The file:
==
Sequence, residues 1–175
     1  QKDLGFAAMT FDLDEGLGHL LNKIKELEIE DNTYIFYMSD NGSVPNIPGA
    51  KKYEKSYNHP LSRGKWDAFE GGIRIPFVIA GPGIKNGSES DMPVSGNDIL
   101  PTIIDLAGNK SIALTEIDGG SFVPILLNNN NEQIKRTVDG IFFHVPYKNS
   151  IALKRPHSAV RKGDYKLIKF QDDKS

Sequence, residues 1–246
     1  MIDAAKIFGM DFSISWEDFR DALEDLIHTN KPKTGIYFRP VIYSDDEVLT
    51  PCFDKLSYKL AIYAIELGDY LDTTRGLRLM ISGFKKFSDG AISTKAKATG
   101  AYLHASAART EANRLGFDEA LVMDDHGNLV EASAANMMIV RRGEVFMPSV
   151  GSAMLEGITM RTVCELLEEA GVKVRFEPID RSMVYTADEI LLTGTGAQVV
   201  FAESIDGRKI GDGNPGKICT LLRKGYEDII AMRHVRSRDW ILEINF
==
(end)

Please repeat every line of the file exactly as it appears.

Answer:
Sequence, residues 1–175
     1  QKDLGFAAMT FDLDEGLGHL LNKIKELEIE DNTYIFYMSD NGSVPNIPGA
    51  KKYEKSYNHP LSRGKWDAFE GGIRIPFVIA GPGIKNGSES DMPVSGNDIL
   101  PTIIDLAGNK SIALTEIDGG SFVPILLNNN NEQIKRTVDG IFFHVPYKNS
   151  IALKRPHSAV RKGDYKLIKF QDDKS

Sequence, residues 1–246
     1  MIDAAKIFGM DFSISWEDFR DALEDLIHTN KPKTGIYFRP VIYSDDEVLT
    51  PCFDKLSYKL AIYAIELGDY LDTTRGLRLM ISGFKKFSDG AISTKAKATG
   101  AYLHASAART EANRLGFDEA LVMDDHGNLV EASAANMMIV RRGEVFMPSV
   151  GSAMLEGITM RTVCELLEEA GVKVRFEPID RSMVYTADEI LLTGTGAQVV
   201  FAESIDGRKI GDGNPGKICT LLRKGYEDII AMRHVRSRDW ILEINF